Finally, the complexities of Subhas' relationship with the Axis powers and their perverse ideologies have been addressed, but not without a measure of understandable squeamishness. The question of whether or not Subhas was inclined towards fascism has agitated the minds of many, including those who were sympathetically disposed towards him.
The author admits that Subhas' suggestion that a "synthesis between communism and fascism" was possible and would happen in India was an unduly "mechanistic application of Hegelian dialectics". Yet, he attaches little extra significance to Subhas' partiality for uniforms—including the slightly ridiculous spectacle of him in jackboots at a Congress session in Calcutta—and militarism. Nor does he locate Subhas within the larger context of liberation movements in Burma, Indonesia and even Egypt that were willing to take the help of Japan and Germany to attain their country's freedom. Bose highlights Subhas' constant pressure on both Germany and Japan to recognise the autonomy of India's freedom struggle. At the same time he saw nothing odd in his endorsement of the Greater East Asia Conference in Tokyo, 1943, as a step towards true "internationalism". Nor does he highlight the disingenuity of Subhas broadcasting from Japanese-occupied Nanjing in China, being hosted by the puppet government and yet showering praise on the legacy of Sun Yat Sen. Indeed, the biography would have been considerably enriched by documents from the German and Japanese archives indicating how the Axis powers viewed their curious guest.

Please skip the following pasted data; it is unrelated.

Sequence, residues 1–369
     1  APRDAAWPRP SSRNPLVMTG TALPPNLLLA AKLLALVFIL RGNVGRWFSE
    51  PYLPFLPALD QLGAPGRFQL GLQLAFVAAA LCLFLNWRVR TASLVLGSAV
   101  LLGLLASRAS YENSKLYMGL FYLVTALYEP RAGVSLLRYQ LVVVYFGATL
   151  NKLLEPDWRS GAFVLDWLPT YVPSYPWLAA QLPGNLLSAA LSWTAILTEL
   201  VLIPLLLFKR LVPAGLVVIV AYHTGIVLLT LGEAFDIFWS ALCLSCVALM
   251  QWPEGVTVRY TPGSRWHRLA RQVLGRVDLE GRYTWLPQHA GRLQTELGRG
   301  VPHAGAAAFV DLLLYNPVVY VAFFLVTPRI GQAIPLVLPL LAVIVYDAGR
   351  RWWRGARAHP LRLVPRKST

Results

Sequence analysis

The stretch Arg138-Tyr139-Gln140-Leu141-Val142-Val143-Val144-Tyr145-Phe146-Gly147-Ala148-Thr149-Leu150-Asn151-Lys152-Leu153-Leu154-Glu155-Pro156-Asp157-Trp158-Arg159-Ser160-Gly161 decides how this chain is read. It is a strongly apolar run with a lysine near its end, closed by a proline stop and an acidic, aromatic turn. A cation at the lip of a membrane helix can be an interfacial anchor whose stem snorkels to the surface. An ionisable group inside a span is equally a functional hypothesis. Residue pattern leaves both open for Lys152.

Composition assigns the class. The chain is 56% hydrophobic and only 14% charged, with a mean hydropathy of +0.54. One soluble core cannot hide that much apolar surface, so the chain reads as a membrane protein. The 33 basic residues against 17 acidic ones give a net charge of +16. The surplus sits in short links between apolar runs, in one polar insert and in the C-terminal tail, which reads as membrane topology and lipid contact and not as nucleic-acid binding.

None of these posers can, however, distract from the unflinching courage and patriotism of the man. Netaji died in 1945 at the age of 48. He had been in public life just 24 years and most of that time was spent either in prison or in exile. Subhas Bose was in active politics inside India as a free man for not more than seven years. Few could have achieved so much in so short a time. No wonder the legend has proved to be bigger than the man.